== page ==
New Jersey loses bet on sports gambling in 3rd Circuit; ‘clever drafting’ doesn’t save the law. National Collegiate Athletic Association v. Governor of New Jersey
A New Jersey law legalizing gambling on sports has been struck down by a federal appeals court.
The Philadelphia-based 3rd U.S. Circuit Court of Appeals ruled Tuesday in an en banc opinion, the New York Times and NJ.com report. How Appealing links to additional coverage and the opinion (PDF).
The 3rd Circuit found the New Jersey law conflicts with a federal law that bans state-sanctioned sports gambling in most states. The appeals court also held the federal law does not commandeer the states in violation of the U.S. Constitution.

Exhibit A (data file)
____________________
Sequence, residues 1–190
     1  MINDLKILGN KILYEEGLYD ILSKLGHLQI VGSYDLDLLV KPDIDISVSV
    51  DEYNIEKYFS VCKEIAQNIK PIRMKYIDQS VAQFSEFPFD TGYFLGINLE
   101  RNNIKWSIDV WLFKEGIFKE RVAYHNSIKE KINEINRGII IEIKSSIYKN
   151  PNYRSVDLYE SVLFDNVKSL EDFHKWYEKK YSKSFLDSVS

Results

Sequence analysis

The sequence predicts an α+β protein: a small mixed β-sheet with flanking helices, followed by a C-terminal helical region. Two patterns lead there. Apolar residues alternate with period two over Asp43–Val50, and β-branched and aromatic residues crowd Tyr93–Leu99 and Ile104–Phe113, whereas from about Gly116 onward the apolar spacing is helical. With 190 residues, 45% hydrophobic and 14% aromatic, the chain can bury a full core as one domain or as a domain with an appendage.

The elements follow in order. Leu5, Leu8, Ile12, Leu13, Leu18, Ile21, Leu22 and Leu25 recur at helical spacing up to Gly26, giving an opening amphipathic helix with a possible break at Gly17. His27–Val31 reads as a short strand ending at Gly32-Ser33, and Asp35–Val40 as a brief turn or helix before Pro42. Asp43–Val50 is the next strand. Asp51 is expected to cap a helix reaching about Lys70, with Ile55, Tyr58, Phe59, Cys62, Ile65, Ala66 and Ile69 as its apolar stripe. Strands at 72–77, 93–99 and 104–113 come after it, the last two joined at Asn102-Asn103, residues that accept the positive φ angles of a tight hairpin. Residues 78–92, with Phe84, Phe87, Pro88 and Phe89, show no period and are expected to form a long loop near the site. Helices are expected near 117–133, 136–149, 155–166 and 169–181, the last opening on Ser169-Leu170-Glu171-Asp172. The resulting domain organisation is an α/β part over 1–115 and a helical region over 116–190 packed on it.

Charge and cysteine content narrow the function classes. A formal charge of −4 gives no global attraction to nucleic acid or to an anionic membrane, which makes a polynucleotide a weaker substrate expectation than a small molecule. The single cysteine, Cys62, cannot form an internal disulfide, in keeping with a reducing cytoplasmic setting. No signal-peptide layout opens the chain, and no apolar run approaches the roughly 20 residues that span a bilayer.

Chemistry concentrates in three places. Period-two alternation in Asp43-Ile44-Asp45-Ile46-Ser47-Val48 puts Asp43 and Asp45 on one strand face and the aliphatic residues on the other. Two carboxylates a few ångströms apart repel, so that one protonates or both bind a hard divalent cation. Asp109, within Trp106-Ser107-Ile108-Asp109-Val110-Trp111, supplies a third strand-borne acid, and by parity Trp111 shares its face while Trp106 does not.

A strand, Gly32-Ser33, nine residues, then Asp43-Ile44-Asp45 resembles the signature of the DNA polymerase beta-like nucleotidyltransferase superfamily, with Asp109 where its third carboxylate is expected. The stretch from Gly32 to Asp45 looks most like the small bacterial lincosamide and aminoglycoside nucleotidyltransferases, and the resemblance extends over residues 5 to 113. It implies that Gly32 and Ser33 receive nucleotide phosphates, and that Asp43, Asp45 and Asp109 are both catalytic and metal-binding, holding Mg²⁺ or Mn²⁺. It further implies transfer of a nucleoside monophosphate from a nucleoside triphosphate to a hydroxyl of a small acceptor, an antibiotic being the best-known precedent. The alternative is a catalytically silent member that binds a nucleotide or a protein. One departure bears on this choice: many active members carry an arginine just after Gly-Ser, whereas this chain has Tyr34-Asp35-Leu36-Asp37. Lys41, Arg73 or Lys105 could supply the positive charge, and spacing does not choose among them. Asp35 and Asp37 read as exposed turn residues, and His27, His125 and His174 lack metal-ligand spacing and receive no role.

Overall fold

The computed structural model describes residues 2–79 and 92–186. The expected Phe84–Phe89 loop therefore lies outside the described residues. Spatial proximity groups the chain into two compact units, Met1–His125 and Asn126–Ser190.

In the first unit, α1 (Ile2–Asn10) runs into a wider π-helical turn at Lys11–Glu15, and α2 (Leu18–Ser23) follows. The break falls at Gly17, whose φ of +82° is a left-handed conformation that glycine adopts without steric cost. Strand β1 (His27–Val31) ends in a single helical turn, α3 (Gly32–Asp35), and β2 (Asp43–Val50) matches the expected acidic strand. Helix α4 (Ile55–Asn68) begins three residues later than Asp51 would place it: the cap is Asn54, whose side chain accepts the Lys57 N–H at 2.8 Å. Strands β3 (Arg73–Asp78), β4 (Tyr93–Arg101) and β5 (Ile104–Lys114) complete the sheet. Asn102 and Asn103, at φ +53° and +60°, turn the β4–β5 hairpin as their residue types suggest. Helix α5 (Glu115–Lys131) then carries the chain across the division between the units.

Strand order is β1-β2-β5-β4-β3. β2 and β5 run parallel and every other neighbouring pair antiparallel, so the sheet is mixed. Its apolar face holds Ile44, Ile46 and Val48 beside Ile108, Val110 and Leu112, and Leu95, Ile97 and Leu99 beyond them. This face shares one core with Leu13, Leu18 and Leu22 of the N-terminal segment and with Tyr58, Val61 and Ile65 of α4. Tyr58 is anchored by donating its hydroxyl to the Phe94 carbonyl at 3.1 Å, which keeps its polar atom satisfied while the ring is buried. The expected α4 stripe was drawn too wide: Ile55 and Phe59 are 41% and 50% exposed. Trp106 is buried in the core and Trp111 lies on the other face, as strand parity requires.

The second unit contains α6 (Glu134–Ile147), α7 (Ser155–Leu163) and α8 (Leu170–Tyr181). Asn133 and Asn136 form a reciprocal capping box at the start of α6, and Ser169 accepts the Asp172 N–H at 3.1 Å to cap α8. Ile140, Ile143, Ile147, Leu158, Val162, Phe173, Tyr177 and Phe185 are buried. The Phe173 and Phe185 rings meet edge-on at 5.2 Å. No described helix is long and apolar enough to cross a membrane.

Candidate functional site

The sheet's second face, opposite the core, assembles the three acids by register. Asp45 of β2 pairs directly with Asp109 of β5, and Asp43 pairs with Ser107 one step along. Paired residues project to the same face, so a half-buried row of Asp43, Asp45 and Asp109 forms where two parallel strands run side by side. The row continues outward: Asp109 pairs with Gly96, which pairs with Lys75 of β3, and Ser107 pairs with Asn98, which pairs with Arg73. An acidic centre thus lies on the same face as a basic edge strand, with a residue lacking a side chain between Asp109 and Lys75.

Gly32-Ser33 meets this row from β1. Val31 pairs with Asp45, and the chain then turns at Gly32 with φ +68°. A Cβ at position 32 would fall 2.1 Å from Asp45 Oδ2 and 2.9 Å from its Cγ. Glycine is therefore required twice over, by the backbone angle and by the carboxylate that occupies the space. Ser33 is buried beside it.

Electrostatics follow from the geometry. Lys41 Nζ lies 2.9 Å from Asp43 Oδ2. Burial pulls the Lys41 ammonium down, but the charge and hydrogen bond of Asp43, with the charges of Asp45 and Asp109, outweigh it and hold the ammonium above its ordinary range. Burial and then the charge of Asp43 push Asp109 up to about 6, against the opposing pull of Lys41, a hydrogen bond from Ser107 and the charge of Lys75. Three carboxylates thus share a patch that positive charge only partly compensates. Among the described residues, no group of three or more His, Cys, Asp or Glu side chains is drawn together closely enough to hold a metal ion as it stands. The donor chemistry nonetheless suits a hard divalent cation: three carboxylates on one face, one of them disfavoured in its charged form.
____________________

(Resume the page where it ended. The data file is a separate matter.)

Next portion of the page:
New Jersey had argued it did not violate the federal ban because it was repealing its ban on sports betting at casinos and racetracks, rather than affirmatively authorizing it.
“The presence of the word ‘repeal’ does not prevent us from examining what the provision actually does,” the 3rd Circuit said. “This is an authorization.”
New Jersey had also pointed to a provision that said its law should not be construed as state sponsorship or authorization of sports gambling. The 3rd Circuit also rejected that argument.
“States may not use clever drafting or mandatory construction provisions to escape the supremacy of federal law,” the appeals court said.
A New Jersey lawmaker who led the push for sports betting told NJ.com he expected the state to seek cert with the U.S. Supreme Court.